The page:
The random rantings of a concerned programmer.

Archive for January, 2009


January 31st, 2009 | Category: Random

oh fuck the new version of Xorg is completely fucking broken — there’s something fucked up with hald or the xf86-input-mouse driver or something diddling up in the old USB stack. At times the screen will just stop being fucking drawn until I move the mouse.

  • Whenever I do a scroll the scrollwheel a single notch, the entire thing freezes until the next mouse event.
  • Double clicking doesn’t fucking work most of the time (freezes screen until next mouse event).

Fucking balls this is gay.

UPDATE: Recompiled x11-servers/xorg-server with WITHOUT_HAL (uncheck option in `make config`), then added

Option "AllowEmptyInput" "off"

To the ServerFlags stanza, and now everything seems to be back to normal, hooray.



January 30th, 2009 | Category: Random

I rm -rf /usr/local last night because my poor laptop was getting bogged down with too much bullshit software (it was to the point where portupgrade took more than 8 hours to complete, which is retarded). In non-BSD speak, this means I reduced my machine to a base install, removing all installed packages.

I fetched a new copy of the source tree and updated my kernel from 7.1-PRERELEASE to 7.1-RELEASE-p2 (about time lawds), updated my ports tree and started installing shit –

  • ports-mgmt/portmaster
  • editors/vim
  • sysutils/ezjail
  • x11/xorg-minimal

and then I went to bed. Fucking Xorg takes like a billion hours to compile (and installing from packages is more of a pain than it’s worth). I came to work this morning after it had finished and tried to get going with a startx, which failed — forgot to install x11-drivers/xf86-video-ati, of course.

After I got the driver re-installed, X came up, but neither the keyboard nor mouse worked. FFFFFFFFFFF. After a bit of digging (and reading UPDATING) I figure out that fucking Xorg is hell-bent on using hald instead of the shit that’s in the xorg.conf, so I kickstarted that shit and now everything works.

Fuck yeah Seaking.

Also I got paid like $1500 today and I’m gonna burn it all on hookers and blow tonight.



January 25th, 2009 | Category: Random

I ended up just using Text.Regex to parse the Symfony routing.yml bullshit. Basically, I’ve got a bit of code which reads in some routing Yaml like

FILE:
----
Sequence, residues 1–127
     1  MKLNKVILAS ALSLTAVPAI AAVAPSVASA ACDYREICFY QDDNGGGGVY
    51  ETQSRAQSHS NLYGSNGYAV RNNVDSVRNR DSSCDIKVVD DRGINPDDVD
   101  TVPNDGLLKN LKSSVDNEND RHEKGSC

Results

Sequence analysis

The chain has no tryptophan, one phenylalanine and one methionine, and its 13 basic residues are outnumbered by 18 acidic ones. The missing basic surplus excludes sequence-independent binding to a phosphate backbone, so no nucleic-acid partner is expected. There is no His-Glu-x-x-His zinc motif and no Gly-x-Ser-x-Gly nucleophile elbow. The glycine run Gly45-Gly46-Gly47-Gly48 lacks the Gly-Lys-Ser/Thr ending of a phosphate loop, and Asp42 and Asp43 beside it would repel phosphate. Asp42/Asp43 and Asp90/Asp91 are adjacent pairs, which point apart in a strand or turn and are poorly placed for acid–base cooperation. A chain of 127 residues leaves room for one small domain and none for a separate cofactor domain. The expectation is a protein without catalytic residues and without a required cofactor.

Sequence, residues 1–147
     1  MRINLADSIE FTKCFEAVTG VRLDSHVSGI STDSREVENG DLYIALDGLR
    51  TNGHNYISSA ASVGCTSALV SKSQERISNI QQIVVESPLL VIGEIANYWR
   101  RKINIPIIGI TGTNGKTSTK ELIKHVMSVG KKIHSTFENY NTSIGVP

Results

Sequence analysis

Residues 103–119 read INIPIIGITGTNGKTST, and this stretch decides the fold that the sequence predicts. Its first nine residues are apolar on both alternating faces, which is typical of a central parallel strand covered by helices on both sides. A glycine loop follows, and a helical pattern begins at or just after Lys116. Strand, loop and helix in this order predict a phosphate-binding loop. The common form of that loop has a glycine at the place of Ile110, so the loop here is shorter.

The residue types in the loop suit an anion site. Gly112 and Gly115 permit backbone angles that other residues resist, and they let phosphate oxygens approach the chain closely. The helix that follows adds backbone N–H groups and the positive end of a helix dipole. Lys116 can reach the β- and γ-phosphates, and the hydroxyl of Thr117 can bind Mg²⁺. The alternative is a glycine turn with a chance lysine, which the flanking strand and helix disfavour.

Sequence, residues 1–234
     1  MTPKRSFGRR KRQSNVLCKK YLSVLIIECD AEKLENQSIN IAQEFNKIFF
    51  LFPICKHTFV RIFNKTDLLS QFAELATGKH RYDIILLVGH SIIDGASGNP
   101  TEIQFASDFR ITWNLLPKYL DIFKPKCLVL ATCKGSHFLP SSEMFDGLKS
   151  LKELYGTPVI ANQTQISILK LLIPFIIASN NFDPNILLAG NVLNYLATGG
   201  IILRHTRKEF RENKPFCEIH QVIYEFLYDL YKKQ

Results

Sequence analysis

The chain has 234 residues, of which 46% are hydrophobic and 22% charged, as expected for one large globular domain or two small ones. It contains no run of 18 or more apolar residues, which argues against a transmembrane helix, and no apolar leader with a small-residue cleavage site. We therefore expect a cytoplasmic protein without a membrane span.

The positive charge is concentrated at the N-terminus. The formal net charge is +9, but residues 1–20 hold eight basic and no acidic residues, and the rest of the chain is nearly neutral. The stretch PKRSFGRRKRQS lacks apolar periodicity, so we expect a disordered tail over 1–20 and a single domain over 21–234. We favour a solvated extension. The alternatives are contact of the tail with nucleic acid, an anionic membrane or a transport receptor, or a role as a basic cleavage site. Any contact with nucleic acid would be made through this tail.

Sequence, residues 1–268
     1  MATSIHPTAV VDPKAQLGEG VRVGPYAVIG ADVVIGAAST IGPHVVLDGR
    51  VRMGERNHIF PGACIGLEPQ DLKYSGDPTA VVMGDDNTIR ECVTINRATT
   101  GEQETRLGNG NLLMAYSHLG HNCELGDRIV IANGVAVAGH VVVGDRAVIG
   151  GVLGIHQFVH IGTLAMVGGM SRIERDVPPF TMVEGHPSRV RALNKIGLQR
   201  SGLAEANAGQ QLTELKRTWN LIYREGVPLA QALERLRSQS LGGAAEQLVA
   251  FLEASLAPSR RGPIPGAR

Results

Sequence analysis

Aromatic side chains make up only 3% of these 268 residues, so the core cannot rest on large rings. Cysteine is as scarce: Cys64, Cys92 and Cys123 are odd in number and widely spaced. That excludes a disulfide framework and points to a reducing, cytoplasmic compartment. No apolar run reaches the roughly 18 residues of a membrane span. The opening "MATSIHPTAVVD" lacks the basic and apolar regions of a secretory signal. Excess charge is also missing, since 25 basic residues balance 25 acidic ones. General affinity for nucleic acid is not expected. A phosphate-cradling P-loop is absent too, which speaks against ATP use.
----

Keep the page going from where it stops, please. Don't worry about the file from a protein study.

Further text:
url: /index
  param: { module: index }

  url: /tag
  param: { module: tag, action: list }

  url: /tag/:id
  param: { module: tag, action: view }

Then as a build step parse and transform it into a couple tables which get statically linked into the application –

module Site.RoutingTable where
import qualified Site.Index
import qualified Site.Tag
import Data.Map (fromAsc)
import Routing (Route (..))

actionTable = fromAscList [
        (("Index", "index", Site.Index.index),
        (("Tag", "list"), Site.Tag.list),
        (("Tag", "view"), Site.Tag.view)]

urlTree = Branch ([Branch ([Literal ("tag",RouteEnd (Just [("module","tag"),
("action","list")]))],Just (Parameter ("id",RouteEnd (Just [("module","tag"),
("action","view")])))),Literal ("index",RouteEnd (Just [("module","index")]))],Nothing)

Basically, the urlTree is a decision tree which contains all the possible paths through the tree –

- index - end
| tag   - end
        | :id - end

When a request needs to be routed, the URL is split with the '/' delimiter into a list of strings. The pop is popped off the front of that list at each level of the tree until it hits an RouteEnd element or a Branch element with no corresponding Literal and no Parameter or Wildcard part (in the later case, the route fails and a HTTP 404 response should be returned).

Parameter and Wildcard nodes are only taken when there isn’t a competing Literal node. When a Parameter node gets taken, the value it corresponds to gets pushed onto an associative list for processing later on.

When the routing process hits the end, the RouteEnd node contains the parameters specified in the Yaml. Those parameters are merged with the parameters generated by the Parameter nodes in the tree traversal (but will not overwrite — the parameters in the Yaml simply serve as defaults).